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Finding, getting, and then keeping customers may be the three hardest jobs for any small, medium, or large business.
Number four is managing cash.
It sounds simple in theory, but is it?
It can be. It just takes a little pre-planning on your part and steely determination to not ignore your cash flow problems. That way lies madness.
These cashflow “hacks” are great practices that can alleviate stress and panic around finances for business owners. Each of these is pulled from real-life examples of small businesses like yours. Take their advice and get ahead of your cash flow problems before they take control of you.
Reconcile cash daily or weekly at a minimum.
Example: A lawn services firm doing over $1 million in revenue was having the business owner’s wife do the bookkeeping. Now, this can work for your business, but only if you know what you are doing or have a pro on your side to guide you. The owner’s wife hated reconciling cash more than an unexpected trip to the dentist.
I was tempted to tell her that marketing majors don’t make great bookkeepers, but since she was the wife of the owner, we developed a game plan instead.
Since she had to research errors occurring as many as three to four weeks prior to the statement date, this slowed her down. We suggested that she follow up on errors as close to the date they occurred. And that’s when she agreed that doing daily reconciliations was the way to go.
She loved it. (And that’s even coming from a marketing major forced into bookkeeping.)
Monthly reconciliations can be an arduous task. If you find that is the case for you, swap it for daily or weekly reconciliations. Taking smaller bites out of big projects makes things easier to manage and more likely to get done.
You might even follow LessAccounting’s suggested bookkeeping schedule.
Manage your receivables like a bank does its loan book.
This means having a follow-up schedule for unpaid invoices is key to keeping your business healthy.
Pick one day a week to go through your aging report and call those that are past due asking when you can expect payment. We love a good Tuesday morning (Mondays are generally busy, Thursdays/Fridays are too close to the weekend). Just pick a day that works for you and stick to it every week.
Call, email, or text, but be consistent in your attempts to collect. Clients will come to know that you’ll be calling them one day after it’s due.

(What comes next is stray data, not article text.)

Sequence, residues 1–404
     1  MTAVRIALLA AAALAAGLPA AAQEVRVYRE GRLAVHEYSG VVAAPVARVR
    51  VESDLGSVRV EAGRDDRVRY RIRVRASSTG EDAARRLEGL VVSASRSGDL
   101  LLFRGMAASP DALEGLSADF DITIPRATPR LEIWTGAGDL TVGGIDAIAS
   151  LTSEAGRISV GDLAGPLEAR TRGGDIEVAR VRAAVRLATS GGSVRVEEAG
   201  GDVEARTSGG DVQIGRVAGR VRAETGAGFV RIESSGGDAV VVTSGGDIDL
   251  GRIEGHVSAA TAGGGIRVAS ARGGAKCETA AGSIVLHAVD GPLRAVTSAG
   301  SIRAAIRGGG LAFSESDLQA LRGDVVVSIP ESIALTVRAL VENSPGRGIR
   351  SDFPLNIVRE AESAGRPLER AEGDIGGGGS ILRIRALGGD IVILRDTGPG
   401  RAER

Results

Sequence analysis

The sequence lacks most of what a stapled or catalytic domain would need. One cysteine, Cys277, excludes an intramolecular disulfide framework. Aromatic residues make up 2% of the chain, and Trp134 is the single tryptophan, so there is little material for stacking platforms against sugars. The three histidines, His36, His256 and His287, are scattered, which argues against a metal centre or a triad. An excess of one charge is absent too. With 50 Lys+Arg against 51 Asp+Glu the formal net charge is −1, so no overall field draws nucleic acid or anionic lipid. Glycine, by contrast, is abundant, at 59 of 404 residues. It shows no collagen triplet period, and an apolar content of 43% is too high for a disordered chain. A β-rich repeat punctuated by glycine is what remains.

Follow this practice and you’ll have trained customers who know you mean business when it comes to paying on time. Here are some example emails to help collect unpaid invoices.
Look for season cashflow trends and plan for them.
Your accounting system is one big history book. And you loved history as a kid, right?
You like to know what’s happened in your business. So does the tax person. But what about tomorrow? It would be nice if you could tell the future of your business…That’s where a simplified weekly cash flow forecast comes in. This forecasting spreadsheet can be a great management tool for any small business in providing insights about your future cash balance.
Many small business owners don’t even realize this tool is available to them.
Intrigued? Have your CPA or tax person tailor a version just for you. You can have these tools spanning a rolling four-week time period. Some are eight weeks. Many are 13 weeks. One e-commerce client maintains a 52-week cash flow forecast. He might be unconventional, but he loves it and it helps his business.
The important thing is that you create a tool that works for you. One you can understand and that provides the insights you need to make decisions for your business.
Can you imagine what your business will look like if you implement one, two, or all three of the cash flow hacks above? Think you’ll have a more stable business?
Probably so. It’s your move and it’s your business.
Here are more ways to avoid cash flow problems.
But our personal favorite it to outsource it to the pros. Check out our friendly and affordable bookkeeping services perfectly tailored for freelancers, solopreneurs, and small business owners.
Life is really good for the bookkeeping wife. Or should I say ex-bookkeeping wife? Oh no, it’s not what you are thinking. Her husband’s business recently passed $3 million in sales allowing them to hire a ‘real’ bookkeeper (one without a marketing degree). But that’s only part of the story. She’s following a passion and now runs a small photography business, and she loves it.
I wonder who does her bookkeeping?